Everyone couldn’t help but watch. The bloodied face looking back at them was unrecognisable. They could see the blood flowing from his jaw, past his throat, all the way to his exposed, panting chest. Once he stood up, Genkichi wiped his face with his arm, and seemed to try and ascertain where the dog was. When it roared as if in triumph, in that moment, as if Genkichi spat out something incomprehensible,

“I’m scared! Mom!” he screamed.

He turned around and tried to wriggle up the wall much in the manner of a cat. The dog latched its jaws into him from behind.

That evening a supervisor accompanied two labourers as they shouldered Genkichi’s corpse to the mountain. There they dug a hole and buried him. Mt. Tokachi was even more visible in the moonlight than in the afternoon. The dirt, tossed by a shovel into the hole, made an eerie sound as it hit the box below. On the way back, just as the supervisor was off taking a piss, one comrade said to another

“Y’know, one day I’m definitely gonna kill that fuckin’ dog…”

Yoshiyuki Iwase, Ama photo book, p. 137.
ISBN 9784779118043. ©


Through their group structure, the MOPR (Red Aid) is establishing its presence directly inside various regional factories. The plan is to expand and strengthen the movement through a foundation of common people. In group no. xx1 of district xx, members would increase by one or two whenever a group meeting was held. New members would give a short introduction when they showed up. One time, a woman in her forties started coming to the meetings.

The group supervisor introduced her saying, “This is Nakayama’s mother. Nakayama is the one who ended up in Ichigaya.” Nakayama’s mother fidgeted a little bit.

I really just feel so dishonest, coming to this aid meeting because my daughter was sent to prison…”

When I was thinking about how she’s been gone for two or three months, a phone call came from the local police. They told me to go pick her up from the police at such and such a place. Taken aback, I headed over there already half in tears. She was brought out from some detention room below. Her face was pale and dirty and her body, being locked up for god knows how long, buzzed with a terrible smell.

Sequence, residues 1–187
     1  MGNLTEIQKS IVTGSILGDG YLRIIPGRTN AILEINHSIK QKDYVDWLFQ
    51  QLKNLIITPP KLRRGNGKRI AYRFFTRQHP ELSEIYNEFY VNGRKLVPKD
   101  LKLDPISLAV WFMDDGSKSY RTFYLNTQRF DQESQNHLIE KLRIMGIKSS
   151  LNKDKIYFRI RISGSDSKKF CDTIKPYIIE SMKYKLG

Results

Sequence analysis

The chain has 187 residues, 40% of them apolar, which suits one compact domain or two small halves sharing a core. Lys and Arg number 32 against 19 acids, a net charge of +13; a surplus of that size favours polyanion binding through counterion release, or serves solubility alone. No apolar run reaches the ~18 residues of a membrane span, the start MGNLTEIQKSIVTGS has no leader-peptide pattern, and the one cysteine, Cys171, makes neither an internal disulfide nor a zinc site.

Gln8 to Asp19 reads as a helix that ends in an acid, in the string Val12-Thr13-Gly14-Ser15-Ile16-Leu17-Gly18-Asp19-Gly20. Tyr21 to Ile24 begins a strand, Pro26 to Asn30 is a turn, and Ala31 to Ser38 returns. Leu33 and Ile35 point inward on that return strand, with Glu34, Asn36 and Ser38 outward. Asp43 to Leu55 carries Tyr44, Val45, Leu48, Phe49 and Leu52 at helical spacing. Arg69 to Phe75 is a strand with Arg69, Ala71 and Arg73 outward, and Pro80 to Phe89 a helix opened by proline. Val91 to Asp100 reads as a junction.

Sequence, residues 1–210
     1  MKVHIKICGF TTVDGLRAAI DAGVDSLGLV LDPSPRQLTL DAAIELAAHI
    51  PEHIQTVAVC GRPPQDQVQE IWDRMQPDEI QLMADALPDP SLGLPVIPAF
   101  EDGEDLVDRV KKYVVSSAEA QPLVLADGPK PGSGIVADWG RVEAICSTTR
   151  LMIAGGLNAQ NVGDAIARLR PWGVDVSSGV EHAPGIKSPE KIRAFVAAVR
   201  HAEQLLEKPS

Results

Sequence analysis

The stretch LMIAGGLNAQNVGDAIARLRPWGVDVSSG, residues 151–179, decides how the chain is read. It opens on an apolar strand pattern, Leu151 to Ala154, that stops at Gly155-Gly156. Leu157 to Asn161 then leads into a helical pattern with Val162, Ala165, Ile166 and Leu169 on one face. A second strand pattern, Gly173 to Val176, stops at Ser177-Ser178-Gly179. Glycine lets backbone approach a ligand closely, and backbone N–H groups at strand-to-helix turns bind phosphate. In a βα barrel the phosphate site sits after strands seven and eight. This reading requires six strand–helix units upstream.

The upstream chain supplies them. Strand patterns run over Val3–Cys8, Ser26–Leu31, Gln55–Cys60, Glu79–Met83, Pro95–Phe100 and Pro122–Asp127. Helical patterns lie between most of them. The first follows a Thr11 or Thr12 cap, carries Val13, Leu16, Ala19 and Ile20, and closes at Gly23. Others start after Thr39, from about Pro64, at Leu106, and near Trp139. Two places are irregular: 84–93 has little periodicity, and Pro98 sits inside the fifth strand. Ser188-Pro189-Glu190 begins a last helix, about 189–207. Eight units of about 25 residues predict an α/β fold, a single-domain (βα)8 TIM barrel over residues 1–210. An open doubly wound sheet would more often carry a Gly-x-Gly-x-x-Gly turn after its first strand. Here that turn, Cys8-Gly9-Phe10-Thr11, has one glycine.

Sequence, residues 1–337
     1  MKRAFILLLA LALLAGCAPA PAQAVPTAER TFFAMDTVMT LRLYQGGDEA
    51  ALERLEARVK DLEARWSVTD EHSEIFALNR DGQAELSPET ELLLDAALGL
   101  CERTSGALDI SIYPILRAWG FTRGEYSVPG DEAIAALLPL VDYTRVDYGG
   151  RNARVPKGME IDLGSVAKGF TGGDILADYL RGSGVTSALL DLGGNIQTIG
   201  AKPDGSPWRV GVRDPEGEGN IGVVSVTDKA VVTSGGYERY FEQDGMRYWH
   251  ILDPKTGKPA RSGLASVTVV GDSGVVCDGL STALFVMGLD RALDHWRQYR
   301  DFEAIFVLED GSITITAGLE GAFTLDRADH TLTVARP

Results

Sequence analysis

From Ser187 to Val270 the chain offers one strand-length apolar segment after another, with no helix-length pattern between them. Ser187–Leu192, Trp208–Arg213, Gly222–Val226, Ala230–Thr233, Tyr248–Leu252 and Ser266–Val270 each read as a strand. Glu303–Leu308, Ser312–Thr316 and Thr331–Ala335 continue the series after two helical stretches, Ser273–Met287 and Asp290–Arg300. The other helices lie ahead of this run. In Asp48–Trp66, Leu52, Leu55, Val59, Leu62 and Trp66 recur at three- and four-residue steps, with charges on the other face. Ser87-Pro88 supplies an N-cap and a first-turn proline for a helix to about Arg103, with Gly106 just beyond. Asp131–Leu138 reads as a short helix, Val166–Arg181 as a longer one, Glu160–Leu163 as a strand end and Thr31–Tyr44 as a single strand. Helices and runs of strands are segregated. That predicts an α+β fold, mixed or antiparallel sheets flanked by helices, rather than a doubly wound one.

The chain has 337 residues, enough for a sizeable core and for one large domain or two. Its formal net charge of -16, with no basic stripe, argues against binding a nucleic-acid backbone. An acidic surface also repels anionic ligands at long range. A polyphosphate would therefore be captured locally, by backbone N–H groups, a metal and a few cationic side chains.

According to my daughter, she was doing something like investigating, and apparently got caught. Even so, my daughter was at home for around ten days before suddenly disappearing again. And then, after two or three months, I got another call from the police. This time a different station. I bowed countless times, bringing along apologies upon apologies for my lack of guidance as a parent. Around the second time, my daughter said how awful it was, that the cops jeered at her, saying “You’re still investigating huh?” I told her there’s no reason to fret over such a thing. I’m just glad you got out of there quickly.

Upon returning home, we talked about various things regarding our work. She said, “Mom, you don’t need to bow down like that to those cops.”

My daughter just wouldn’t quit the movement no matter what. So I gave up. And then, just as expected, she disappeared soon again. As a matter of fact, I didn’t hear from her at all for over six months. At that point, I was waiting like a fool in utter anticipation every day for a notification from the police. (laughter)

Sometimes a spy would show up, so I’d open up the house to him and offer tea. I’d carefully bring up questions about my daughter but they wouldn’t know a thing. And then, it must’ve been eight months by then, my daughter suddenly returned. But, her face, something about it was more severe than before. I felt a lump in my throat when thinking about the hardship she must’ve experienced during that time. Even so, we were able to have a nice talk.

That night, for the first time in a while, probably a year, we went to the public bath together. “Mom, let me wash your back.” What an unusual thing for her to say. These words filled me with such joy. I forgot all the troubles up until that point.

Even so, when I casually glanced at her body after we entered the bath, I immediately felt all the blood drain from my face. My daughter, surprised as I was by my state, asked, “What’s wrong, mom?”

“It’s not what’s wrong with me, or wrong with this or that, or, well, it’s what’s happened to your body”, I said. Even though we were in public, I was half in tears. All over her entire body were violet scars.

“Oh, this?” she said as if it were nothing, “the cops gave me those.”

Laughing, she followed up by saying, “See, this is the kind of shit they put me through. Now don’t you understand how wrong it is to give those bastards even one cup of tea!”

She may have been laughing while saying that but nothing in my life has struck me in such a way. It exceeds all logic. The next day my daughter disappeared again and this time turned out to be the time she ended up in prison.

“Even now I cannot forget the scars that adorned her body.” Nakayama’s mother said this and bit her lip.

Kobayashi Takiji (1903–1933) was a Japanese writer that died at the hands of the police in 1933 at the age of 29. He is most known for his novel Kani Kōsen (The crab cannery ship), an example of Japanese proletarian literature. In part a, you find two short stories of his (the second considered ‘wall fiction’), translated by Benjamin Burton.

  1. Marks such as x’s and asterisks are from the practice of self-censorship called fuseji (to conceal a letter). Many writers and publishers used this as a way of getting around censors in Imperial Japan. []